PubMed   |  Link to Article
Coebergh JW, Neumann HA, Vrints LW, van der Heijden L, Meijer WJ, Verhagen-Teulings MT. Trends in the incidence of non-melanoma skin cancer in the SE Netherlands 1975-1988: a registry-based study.  Br J Dermatol. 1991;125:353-359
PubMed   |  Link to Article
Green A, Battistutta D, Hart V, Leslie D, Weedon D.Nambour Study Group.  Skin cancer in a subtropical Australian population: incidence and lack of association with occupation.  Am J Epidemiol. 1996;144:1034-1040
PubMed   |  Link to Article
Gallagher RP, Ma B, McLean DI.  et al.  Trends in basal cell carcinoma, squamous cell carcinoma, and melanoma of the skin from 1973 through 1987.  J Am Acad Dermatol. 1990;23:413-421
PubMed   |  Link to Article
Harris RB, Griffith K, Moon TE. Trends in the incidence of nonmelanoma skin cancers in southeastern Arizona, 1985-1996.  J Am Acad Dermatol. 2001;45:528-536
PubMed   |  Link to Article
Chuang TY, Popescu NA, Su WP, Chute CG. Squamous cell carcinoma: a population-based incidence study in Rochester, Minn.  Arch Dermatol. 1990;126:185-188
PubMed   |  Link to Article
Green A, Beardmore G, Hart V, Leslie D, Marks R, Staines D. Skin cancer in a Queensland population.  J Am Acad Dermatol. 1988;19:1045-1052
PubMed   |  Link to Article
Miller DL, Weinstock MA. Nonmelanoma skin cancer in the United States: incidence.  J Am Acad Dermatol. 1994;30:774-778
PubMed   |  Link to Article
Karagas MR, Greenberg ER, Spencer SK, Stukel TA, Mott LA.New Hampshire Skin Cancer Study Group.  Increase in incidence rates of basal cell and squamous cell skin cancer in New Hampshire, USA.  Int J Cancer. 1999;81:555-559
PubMed   |  Link to Article
Chuang TY, Popescu A, Su WP, Chute CG. Basal cell carcinoma: a population-based incidence study in Rochester, Minnesota.  J Am Acad Dermatol. 1990;22:413-417
PubMed   |  Link to Article
Buettner PG, Raasch BA. Incidence rates of skin cancer in Townsville, Australia.  Int J Cancer. 1998;78:587-593[published correction appears in Int J Cancer. 2001;93:302-303].
PubMed   |  Link to Article
Marks R, Staples M, Giles GG. Trends in non-melanocytic skin cancer treated in Australia: the second national survey.  Int J Cancer. 1993;53:585-590
PubMed   |  Link to Article
Staples M, Marks R, Giles G. Trends in the incidence of non-melanocytic skin cancer (NMSC) treated in Australia 1985-1995: are primary prevention programs starting to have an effect?  Int J Cancer. 1998;78:144-148
PubMed   |  Link to Article
Pearce MS, Parker L, Cotterill SJ, Gordon PM, Craft AW. Skin cancer in children and young adults: 28 years’ experience from the Northern Region Young Person’s Malignant Disease Registry, UK.  Melanoma Res. 2003;13:421-426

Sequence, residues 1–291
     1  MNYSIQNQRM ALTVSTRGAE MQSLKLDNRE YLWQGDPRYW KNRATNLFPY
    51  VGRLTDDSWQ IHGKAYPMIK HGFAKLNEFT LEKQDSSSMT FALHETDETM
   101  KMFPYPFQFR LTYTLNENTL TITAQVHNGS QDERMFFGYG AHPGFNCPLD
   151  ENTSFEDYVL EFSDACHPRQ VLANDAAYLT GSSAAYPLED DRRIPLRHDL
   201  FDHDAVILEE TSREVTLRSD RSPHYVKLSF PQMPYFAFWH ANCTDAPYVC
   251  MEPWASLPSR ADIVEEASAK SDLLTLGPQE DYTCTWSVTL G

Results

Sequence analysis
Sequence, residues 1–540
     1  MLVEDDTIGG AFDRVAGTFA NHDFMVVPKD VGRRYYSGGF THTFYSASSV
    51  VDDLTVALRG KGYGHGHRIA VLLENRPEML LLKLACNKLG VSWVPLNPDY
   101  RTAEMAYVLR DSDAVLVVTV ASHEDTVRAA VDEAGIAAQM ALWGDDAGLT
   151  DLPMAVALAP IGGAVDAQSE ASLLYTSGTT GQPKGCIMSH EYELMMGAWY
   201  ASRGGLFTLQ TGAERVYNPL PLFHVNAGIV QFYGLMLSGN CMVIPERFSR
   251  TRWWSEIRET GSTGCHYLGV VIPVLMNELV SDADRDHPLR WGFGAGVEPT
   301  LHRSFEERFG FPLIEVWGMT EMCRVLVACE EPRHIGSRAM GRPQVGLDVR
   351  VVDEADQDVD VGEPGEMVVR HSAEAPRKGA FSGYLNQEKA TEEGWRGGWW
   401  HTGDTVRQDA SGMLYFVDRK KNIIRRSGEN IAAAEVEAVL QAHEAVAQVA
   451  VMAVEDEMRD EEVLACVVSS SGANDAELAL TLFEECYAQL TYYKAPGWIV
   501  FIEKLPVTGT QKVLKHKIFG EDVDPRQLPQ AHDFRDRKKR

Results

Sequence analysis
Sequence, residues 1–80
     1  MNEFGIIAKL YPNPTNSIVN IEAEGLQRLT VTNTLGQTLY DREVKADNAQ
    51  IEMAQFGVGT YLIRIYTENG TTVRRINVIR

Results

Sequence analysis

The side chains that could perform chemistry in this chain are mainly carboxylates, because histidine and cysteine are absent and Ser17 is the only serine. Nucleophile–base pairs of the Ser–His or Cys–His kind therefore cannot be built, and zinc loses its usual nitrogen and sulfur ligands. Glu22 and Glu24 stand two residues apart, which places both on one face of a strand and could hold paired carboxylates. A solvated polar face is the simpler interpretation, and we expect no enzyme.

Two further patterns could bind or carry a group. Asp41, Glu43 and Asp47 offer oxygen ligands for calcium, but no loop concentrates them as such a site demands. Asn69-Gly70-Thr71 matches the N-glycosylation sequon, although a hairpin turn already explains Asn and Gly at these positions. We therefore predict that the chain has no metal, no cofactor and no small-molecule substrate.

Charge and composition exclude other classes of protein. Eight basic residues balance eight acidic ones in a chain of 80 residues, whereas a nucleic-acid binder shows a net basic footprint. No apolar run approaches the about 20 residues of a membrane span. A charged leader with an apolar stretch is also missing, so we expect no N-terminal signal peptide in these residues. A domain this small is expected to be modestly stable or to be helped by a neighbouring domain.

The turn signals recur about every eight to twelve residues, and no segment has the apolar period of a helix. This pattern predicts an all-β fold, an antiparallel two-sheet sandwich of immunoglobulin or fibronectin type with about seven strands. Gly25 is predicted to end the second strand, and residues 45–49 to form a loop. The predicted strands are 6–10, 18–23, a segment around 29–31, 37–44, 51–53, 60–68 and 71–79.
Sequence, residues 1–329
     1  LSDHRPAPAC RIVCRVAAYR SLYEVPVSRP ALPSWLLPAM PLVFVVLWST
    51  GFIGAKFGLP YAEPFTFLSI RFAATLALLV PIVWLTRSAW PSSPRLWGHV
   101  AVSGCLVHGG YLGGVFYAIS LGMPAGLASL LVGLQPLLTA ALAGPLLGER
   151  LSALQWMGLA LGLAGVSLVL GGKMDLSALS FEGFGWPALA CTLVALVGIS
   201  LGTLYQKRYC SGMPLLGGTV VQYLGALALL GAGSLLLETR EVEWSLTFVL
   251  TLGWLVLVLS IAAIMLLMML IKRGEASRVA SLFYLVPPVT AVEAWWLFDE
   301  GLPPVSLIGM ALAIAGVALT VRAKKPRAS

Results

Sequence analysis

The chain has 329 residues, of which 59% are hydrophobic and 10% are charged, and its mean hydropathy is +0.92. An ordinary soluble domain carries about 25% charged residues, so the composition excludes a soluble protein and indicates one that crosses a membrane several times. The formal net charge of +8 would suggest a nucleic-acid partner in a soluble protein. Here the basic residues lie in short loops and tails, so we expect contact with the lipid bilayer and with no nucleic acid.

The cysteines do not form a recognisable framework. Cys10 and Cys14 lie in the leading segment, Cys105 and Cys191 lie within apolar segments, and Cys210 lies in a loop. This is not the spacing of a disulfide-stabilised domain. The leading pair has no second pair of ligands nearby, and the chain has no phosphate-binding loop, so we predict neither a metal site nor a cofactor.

PubMed   |  Link to Article
Cox NH. Basal cell carcinoma in young adults.  Br J Dermatol. 1992;127:26-29
PubMed   |  Link to Article
Leffell DJ, Headington JT, Wong DS, Swanson NA. Aggressive-growth basal cell carcinoma in young adults.  Arch Dermatol. 1991;127:1663-1667
PubMed   |  Link to Article
Roudier-Pujol C, Auperin A, Nguyen T, Duvillard P, Benhamou E, Avril M. Basal cell carcinoma in young adults: not more aggressive than in older patients.  Dermatology. 1999;199:119-123
PubMed   |  Link to Article
Chen JG, Fleischer AB Jr, Smith ED.  et al.  Cost of nonmelanoma skin cancer treatment in the United States.  Dermatol Surg. 2001;27:1035-1038
PubMed   |  Link to Article
Melton LJ III. History of the Rochester Epidemiology Project.  Mayo Clin Proc. 1996;71:266-274
PubMed   |  Link to Article
Weedon DSkin Pathology2nd ed. London, England: Churchill Livingstone; 2002:765-775
McCullagh P, Nelder JA. Generalized Linear ModelsNew York, NY: Chapman & Hall; 1983:127-147
Matta JL, Villa JL, Ramos JM.  et al.  DNA repair and nonmelanoma skin cancer in Puerto Rican populations.  J Am Acad Dermatol. 2003;49:433-439
PubMed   |  Link to Article
Boyd AS, Shyr Y, King LE Jr. Basal cell carcinoma in young women: an evaluation of the association of tanning bed use and smoking.  J Am Acad Dermatol. 2002;46:706-709
PubMed   |  Link to Article
Aubry F, MacGibbon B. Risk factors of squamous cell carcinoma of the skin: a case-control study in the Montreal region.  Cancer. 1985;55:907-911
PubMed   |  Link to Article
Grodstein F, Speizer FE, Hunter DJ. A prospective study of incident squamous cell carcinoma of the skin in the Nurses’ Health Study.  J Natl Cancer Inst. 1995;87:1061-1066
PubMed   |  Link to Article
Oliphant JA, Forster JL, McBride CM. The use of commercial tanning facilities by suburban Minnesota adolescents.  Am J Public Health. 1994;84:476-478
PubMed   |  Link to Article
Robinson JK, Rigel DS, Amonette RA. Trends in sun exposure knowledge, attitudes, and behaviors: 1986 to 1996.  J Am Acad Dermatol. 1997;37:179-186
PubMed   |  Link to Article
Scotto J, Fears TR, Fraumeni JF. Incidence of Nonmelanoma Skin Cancer in the United StatesBethesda, Md: US Department of Health and Human Services; 1983. NIH publication 83-2433